NPB’s best of 2016

It’s award time again and so here are some thoughts about the best of the best in Nippon Professional Baseball.

The MVPs

@JBWPodcast has had a crush on second baseman Ryosuke Kikuchi of the Hiroshima Carp because of his clutch fielding. Kikuchi had a career year at the plate in 2016. According to Bill James Win Shares, he was the Carp’s most valuable hitter and NPB’s most valuable fielder. His fielding is so eye-catching that it’s easy to vote for him. But is he the most valuable player in the CL? Three players have more win shares:

  1. Tetsuya Yamada 36
  2. Hayato Sakamoto 34
  3. Yoshitomo Tsutsugo 32
  4. Ryosuke Kikuchi 28

No one makes as many big defensive plays as Kikuchi, and to do it on grass when everyone else plays on plastic makes it that much more impressive. These big plays can be game changers in the same way that a late-inning relief effort or a clutch hit can be. Sometimes they will tip a game from a loss to a win, but the clutch performances don’t do the bulk of the heavy lifting.

If Kikuchi makes a huge play that saves a run, it can turn a close game, but the one play doesn’t win the entire game. Lots of other things have to happen, and the people who do those things deserve credit, too. What I’m trying to say is if he turns 10 games around with his glove, it doesn’t mean he won 10 games with his glove.

Finishing high in the standings is important, and I’m willing to discount Yamada’s share of the Yakult Swallows’ successes because of that. But that’s a huge gap for Kikuchi to overcome to match the big three.

My standard test for MVP is this: If you had to fill out a team to win a pennant, and all players were considered to be the same age, who would you want more based on what they did THIS past season? Who would be your first choice? The numbers above are opinions of a system that attributes team wins to its individual players. I think it’s clear that Kikuchi was not as valuable as Yamada, but where these four rank is really difficult.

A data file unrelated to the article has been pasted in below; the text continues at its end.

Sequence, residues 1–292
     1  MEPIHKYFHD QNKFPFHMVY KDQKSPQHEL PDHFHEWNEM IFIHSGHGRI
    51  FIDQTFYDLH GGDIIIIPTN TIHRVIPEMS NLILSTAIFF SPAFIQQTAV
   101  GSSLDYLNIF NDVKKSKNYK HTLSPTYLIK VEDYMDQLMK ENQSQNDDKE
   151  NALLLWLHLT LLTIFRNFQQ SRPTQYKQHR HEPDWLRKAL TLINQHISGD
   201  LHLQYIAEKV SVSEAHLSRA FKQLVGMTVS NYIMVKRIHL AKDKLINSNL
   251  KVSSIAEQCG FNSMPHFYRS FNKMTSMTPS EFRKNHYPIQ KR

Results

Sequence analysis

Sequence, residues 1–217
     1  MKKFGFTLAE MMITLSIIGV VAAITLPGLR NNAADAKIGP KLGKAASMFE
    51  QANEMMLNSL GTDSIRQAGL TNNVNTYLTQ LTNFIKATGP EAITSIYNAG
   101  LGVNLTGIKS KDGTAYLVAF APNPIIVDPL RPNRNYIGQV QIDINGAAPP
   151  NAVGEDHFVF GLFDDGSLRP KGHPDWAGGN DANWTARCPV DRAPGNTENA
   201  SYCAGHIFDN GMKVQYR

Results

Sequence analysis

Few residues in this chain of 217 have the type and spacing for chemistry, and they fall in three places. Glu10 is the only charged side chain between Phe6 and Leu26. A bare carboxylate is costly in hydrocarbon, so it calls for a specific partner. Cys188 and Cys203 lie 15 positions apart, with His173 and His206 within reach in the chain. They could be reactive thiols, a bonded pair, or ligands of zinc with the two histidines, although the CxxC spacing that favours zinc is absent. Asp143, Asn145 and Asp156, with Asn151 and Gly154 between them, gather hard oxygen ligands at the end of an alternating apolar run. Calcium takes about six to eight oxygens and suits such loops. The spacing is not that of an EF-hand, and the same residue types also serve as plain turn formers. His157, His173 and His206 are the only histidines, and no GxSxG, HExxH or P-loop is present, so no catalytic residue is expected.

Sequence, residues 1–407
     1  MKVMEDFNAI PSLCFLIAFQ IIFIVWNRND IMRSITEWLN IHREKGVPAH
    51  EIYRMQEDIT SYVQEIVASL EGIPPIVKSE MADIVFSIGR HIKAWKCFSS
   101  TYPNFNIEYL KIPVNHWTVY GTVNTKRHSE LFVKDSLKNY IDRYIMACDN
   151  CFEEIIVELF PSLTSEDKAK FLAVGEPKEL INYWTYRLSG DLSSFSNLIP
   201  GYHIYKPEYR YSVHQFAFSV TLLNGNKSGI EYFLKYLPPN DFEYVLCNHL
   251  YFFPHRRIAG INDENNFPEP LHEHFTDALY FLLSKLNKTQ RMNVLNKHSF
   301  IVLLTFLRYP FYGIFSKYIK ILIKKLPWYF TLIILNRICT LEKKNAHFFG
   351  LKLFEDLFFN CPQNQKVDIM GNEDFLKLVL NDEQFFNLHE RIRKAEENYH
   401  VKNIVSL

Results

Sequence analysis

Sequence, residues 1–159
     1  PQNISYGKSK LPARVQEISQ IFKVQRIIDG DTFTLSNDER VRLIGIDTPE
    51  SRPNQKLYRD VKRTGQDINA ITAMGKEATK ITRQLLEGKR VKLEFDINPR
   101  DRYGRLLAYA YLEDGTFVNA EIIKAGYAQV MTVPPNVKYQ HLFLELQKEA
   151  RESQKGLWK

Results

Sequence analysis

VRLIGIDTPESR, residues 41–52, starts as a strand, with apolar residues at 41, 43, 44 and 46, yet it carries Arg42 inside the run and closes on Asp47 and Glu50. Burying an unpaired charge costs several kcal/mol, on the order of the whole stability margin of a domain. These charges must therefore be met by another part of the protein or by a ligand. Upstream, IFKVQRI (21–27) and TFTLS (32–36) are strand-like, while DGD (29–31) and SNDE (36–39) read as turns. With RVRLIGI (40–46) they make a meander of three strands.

I’m inclined to go for Hayato Sakamoto as MVP rather than Yamada, but I wouldn’t really fault anyone for ranking any of the four in any order.

The Pacific League is the flip side to this. The player who lead the PL in win shares, played for the league champion Nippon Ham Fighters. The PL’s elite three according to win shares were more or less in a dead heat and all playing for the top three clubs.

  1. Shohei Otani 32
  2. Yuki Yanagita 32
  3. Katsuya Kakunaka 32

With Otani winning the league, he’s a no-brainer.

Shohei Otani two-times Hawks

Wednesday night, Shohei Otani (9-4) started on the mound and batted in the same game for the first time in over two months. Otani went eight innings, allowing a run on four hits, three walks and made a costly throwing error. Otani went 1-for-4 with a double and struck out three times, twice on good splitters from the SoftBank Hawks’ Kodai Senga.

Here‘s an evaluation of Shohei Otani’s potential in the big leagues by scout Dave DeFreitas.

The Fighters will post Otani when he wants to go — and a good bet would be a year from now after the World Baseball Classic — when he will likely both bat and pitch for NPB’s team. The Fighters have tried to persuade their stars to stay, but have not stood in their way and will likely post Otani should he request it.

A Fighters source has said Otani is loving both hitting and pitching, and spurned big league offers out of high school because the Fighters offered him the chance to do both. The same source said Otani would be interested in moving to the majors if teams over there are interested in giving him the opportunity to do both.

Two-way Otani forces writers to show award-winning flexibility

Shohei Otani’s ability to both hit and pitch has moved a group that has seemed impervious to change: the Tokyo Baseball Reporters Club, who vote on Nippon Professional Baseball’s postseason awards.